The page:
“I have no one, no friends, barely a family—like they don’t even like me half the time.”
The prosecution took Carter’s mental illness disclosures, her social anxieties and the apparent disinterest of her peers, and used it to argue that Carter had set a plan into motion. They posited that she urged Roy to die so that she could “get the sympathy and attention that she believes she deserves.” The most compelling evidence is, of course, in Carter’s texts—two days before her boyfriend committed suicide, she texted several girls from school telling them that Roy had gone missing, when she was fully aware that he had not. The girls naturally responded with concern and comforted her. The prosecution argues that this is the proof that Carter needs in order to know that her plan will work.
“It was the perfect combination of everything that people hate about teenage girls,” an Esquire reporter who covered the trial explains—the narrative of “this heartless bitch who killed a guy to get popular.” Interviews with locals illustrate just how well the villainization of Michelle Carter worked. “I certainly wouldn’t want to date her next,” an older man jokes. As Carter walks into court one day, footage shows a passerby screaming at her to kill herself.
Dr. Breggin lays out a narrative that might be even darker than the disturbing texts that flooded the news. He accuses the prosecution of shying away from “the root cause of why [Roy] killed himself,” and of leading a witch-hunt against a very sick teenage girl. Michelle Carter started taking Prozac in 2011, when she was 14. Not long after, she attempted to hang herself. In October 2012, Conrad Roy was admitted to the hospital after a suicide attempt. Dr. Breggin argues that this was all a “perfect storm of a tragedy,” that Carter, “involuntarily intoxicated” by prescription drugs, latched on to the idea “taken from [Roy], that he’s going to kill himself and all he cares about is doing it swiftly and quickly.” The doctor calls the relationship abusive, pointing to all of the times that Roy talked about his desire to attempt suicide, his depression and his ideations, all the while telling Carter that he’ll hate her if she ever tells anyone. During the trial, Carter’s lawyer argued that, for a year and half, Carter “never wanted [Roy] to die.”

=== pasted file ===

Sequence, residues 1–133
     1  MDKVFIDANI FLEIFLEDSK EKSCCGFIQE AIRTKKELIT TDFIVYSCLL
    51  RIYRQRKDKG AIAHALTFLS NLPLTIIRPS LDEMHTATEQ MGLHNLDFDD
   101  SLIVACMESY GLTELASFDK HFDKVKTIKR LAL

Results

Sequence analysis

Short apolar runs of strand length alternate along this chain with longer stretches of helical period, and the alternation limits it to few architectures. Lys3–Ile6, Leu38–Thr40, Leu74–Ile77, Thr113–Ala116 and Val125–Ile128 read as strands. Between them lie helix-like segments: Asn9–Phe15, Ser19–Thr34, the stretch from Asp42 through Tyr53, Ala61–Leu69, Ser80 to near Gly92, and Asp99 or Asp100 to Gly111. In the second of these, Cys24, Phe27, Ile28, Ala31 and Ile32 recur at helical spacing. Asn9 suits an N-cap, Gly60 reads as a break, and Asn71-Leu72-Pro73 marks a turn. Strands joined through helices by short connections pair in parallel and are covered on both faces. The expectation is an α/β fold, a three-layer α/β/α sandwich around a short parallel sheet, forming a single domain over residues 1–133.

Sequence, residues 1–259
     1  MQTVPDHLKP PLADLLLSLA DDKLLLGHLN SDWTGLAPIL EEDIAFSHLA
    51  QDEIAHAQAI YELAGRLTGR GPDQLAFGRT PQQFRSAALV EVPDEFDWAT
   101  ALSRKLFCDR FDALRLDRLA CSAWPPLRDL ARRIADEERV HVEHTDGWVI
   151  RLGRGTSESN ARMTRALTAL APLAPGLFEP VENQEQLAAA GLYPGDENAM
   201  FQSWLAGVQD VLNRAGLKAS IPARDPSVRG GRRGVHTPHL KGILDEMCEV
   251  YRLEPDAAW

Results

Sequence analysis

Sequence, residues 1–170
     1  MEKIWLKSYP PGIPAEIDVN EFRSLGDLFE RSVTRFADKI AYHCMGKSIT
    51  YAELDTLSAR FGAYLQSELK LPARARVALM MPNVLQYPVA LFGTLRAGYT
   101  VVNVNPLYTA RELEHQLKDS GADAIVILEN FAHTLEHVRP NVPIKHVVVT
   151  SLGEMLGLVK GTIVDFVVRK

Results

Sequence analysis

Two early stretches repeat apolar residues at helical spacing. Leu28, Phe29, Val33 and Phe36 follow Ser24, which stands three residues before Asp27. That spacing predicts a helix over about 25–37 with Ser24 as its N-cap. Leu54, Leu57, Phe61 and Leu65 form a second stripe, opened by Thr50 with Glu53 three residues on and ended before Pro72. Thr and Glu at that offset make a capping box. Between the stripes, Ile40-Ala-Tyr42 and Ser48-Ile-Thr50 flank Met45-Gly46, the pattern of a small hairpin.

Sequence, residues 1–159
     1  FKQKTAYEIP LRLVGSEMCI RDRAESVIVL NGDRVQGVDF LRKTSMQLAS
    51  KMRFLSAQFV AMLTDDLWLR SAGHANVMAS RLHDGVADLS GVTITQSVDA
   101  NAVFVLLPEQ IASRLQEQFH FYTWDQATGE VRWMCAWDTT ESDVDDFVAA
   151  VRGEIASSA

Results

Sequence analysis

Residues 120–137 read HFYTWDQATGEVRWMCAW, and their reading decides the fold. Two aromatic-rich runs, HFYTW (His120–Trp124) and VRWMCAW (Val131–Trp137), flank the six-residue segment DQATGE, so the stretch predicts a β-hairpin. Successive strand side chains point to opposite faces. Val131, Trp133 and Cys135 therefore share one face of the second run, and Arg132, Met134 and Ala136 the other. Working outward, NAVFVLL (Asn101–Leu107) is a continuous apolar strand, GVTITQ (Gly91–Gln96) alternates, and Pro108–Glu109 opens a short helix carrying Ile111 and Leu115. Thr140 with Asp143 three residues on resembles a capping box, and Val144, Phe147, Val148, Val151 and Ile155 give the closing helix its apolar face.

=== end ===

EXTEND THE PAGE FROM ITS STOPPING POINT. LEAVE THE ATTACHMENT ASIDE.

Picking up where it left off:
Two weeks before Roy’s death, Roy texted Carter, “There’s nothing anyone can do for me that’s gonna make me wanna live.”
By encouraging him to take his life once and for all, Dr. Breggin hypothesizes, “She’s found the way to finally help…She’s thinking that it’s a good thing to help him die.”
Given the immense cruelty that Carter displayed, her possibly fatal encouragement and failure to alert the authorities or Conrad’s family, it feels dangerous to frame this as another tragic love story, the kind that Michelle and Conrad might have modeled themselves after in late-night texts. But it is impossible to deny that Carter and Roy were there for one another, that they often seemed to be each other’s only proof that they were not entirely alone. On the day that he died, as she repeatedly asked him when he was going to kill himself, urging him to do so, Conrad Roy texted Michelle Carter “thank you.” “For what?” she responds. “Still being here.”